“Bavaria's business model is in danger,” says the German Economic Institute. The basis is a studio that was already at the disposal of the Augsburger Allgemeine. According to the study, the growth prospects are bleak: the gross value added in Bavaria could only grow by just under 1.4 percent annually until 2035. In the period from 2010 to 2022 it was four percent. We should not be content with this: “Bavaria is a strong place that we must keep prepared for the future,” says Bertram Brossardt, CEO of the Bavarian Business Association (vbw), which commissioned the study.

For almost two thirds, digitalization is a topic of clear opportunity

Under the title “Re-Code Bavaria”, the study makes clear where companies see levers for new growth. For almost two thirds, digitalization is a topic of clear opportunity. 40 percent of companies also expect a boost from globalization. Companies, on the other hand, value climate protection cautiously; here the opportunities and risks are balanced. Almost all companies view demographic change negatively: more than 40 percent of respondents see risks due to a shortage of skilled workers, while only around eight percent see opportunities. About 700 Bavarian companies were surveyed.

The biggest risks for Bavaria are high personnel costs, too much bureaucracy, succession problems and distortions of international competition. “For Bavaria to be a future-proof business location, more speed is needed in the energy transition,” adds Brossardt.

Personnel costs and excess bureaucracy are among the biggest risks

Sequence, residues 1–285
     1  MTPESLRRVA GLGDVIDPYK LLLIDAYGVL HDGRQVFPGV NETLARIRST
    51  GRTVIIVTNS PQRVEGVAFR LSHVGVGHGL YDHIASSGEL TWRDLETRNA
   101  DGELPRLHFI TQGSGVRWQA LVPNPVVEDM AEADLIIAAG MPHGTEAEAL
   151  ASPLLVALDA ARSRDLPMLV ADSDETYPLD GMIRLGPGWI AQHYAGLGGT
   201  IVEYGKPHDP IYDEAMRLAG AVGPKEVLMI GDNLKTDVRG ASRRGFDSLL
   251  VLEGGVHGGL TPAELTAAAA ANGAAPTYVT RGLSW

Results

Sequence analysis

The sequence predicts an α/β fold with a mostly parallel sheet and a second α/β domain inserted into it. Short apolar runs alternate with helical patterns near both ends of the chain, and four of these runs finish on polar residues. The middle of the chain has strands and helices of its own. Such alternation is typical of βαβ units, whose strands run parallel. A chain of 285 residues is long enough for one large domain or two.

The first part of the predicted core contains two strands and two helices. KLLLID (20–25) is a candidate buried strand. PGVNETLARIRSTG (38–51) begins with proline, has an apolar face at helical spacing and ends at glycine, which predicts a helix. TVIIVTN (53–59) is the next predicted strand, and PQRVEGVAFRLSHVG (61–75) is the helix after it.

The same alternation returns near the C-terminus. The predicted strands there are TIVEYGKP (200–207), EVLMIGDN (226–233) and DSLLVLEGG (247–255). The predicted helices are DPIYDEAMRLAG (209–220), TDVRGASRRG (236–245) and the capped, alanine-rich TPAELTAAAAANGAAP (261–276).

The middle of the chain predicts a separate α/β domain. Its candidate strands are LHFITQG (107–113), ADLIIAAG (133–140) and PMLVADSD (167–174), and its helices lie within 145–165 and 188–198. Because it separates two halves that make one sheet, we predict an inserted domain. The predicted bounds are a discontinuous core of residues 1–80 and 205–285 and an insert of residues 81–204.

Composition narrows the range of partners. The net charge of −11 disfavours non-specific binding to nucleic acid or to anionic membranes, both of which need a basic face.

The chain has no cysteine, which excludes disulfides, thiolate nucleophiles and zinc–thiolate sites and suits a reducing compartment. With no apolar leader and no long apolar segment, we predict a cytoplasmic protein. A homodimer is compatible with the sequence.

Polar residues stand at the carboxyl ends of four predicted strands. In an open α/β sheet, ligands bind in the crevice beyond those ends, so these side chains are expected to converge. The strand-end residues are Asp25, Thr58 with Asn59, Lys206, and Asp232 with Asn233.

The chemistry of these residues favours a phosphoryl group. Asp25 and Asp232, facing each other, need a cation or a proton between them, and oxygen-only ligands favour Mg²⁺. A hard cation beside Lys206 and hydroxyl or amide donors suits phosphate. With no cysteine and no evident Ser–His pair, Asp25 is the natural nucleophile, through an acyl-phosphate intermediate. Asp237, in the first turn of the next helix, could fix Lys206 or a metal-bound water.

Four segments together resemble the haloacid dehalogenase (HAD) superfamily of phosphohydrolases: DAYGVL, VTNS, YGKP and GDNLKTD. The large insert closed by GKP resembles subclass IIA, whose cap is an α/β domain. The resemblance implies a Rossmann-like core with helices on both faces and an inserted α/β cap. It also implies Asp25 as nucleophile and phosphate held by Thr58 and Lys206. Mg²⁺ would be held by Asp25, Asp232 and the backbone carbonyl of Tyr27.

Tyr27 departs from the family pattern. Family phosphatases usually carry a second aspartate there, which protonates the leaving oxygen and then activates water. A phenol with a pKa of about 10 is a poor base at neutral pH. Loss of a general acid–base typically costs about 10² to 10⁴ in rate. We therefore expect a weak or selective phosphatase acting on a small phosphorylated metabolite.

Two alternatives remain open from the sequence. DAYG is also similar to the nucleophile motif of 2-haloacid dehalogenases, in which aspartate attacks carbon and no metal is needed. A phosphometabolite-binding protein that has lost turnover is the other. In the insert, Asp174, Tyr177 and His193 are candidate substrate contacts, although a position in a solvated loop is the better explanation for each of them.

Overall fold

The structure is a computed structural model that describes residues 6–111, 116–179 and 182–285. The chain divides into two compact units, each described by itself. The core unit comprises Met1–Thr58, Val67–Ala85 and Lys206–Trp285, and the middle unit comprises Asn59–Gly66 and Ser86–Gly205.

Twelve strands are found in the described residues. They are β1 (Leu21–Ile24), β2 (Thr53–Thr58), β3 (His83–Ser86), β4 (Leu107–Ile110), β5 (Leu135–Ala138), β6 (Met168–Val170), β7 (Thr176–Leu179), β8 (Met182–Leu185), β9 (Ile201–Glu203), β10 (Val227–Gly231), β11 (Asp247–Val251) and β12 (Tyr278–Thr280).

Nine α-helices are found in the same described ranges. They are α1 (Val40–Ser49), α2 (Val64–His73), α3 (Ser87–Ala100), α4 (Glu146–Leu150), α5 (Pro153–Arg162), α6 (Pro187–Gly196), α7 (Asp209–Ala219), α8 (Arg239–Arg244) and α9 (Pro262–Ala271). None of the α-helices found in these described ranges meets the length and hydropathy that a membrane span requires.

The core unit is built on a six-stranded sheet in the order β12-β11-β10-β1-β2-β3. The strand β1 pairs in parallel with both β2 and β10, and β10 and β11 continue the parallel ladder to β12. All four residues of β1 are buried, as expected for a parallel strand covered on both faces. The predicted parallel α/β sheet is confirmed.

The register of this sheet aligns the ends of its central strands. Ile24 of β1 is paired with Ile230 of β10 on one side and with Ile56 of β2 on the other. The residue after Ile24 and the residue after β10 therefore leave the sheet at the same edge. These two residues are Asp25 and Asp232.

According to the Bavarian Ministry of Economy, the Free State economy is in a better position compared to the rest of the country: while the German economy contracted in 2023 (-0.3 percent), Bavaria recorded slight growth (0.3 percent).

Economy Minister Hubert Aiwanger is therefore optimistic that the Bavarian economy will overcome the challenges in 2024: “The first Bavarian economic data for 2024 show a successful start to the year, for example in terms of exports, industrial production and commercial sales,” he told the Augsburg General.

Bavaria's economic performance is well above the national average

In Bavaria, economic output per capita was 57,343 euros, well above the national average of 48,750 euros. “We will continue to build on that,” says Aiwanger, looking ahead to next year. “The strength of Bavarian companies lies in their innovative capacity,” he is convinced. “Bavaria as a city with its excellent universities produces very good specialists, as demonstrated, for example, by the investment of the Apple group in Munich, which in 2023 invested one billion euros in its chip design center.”

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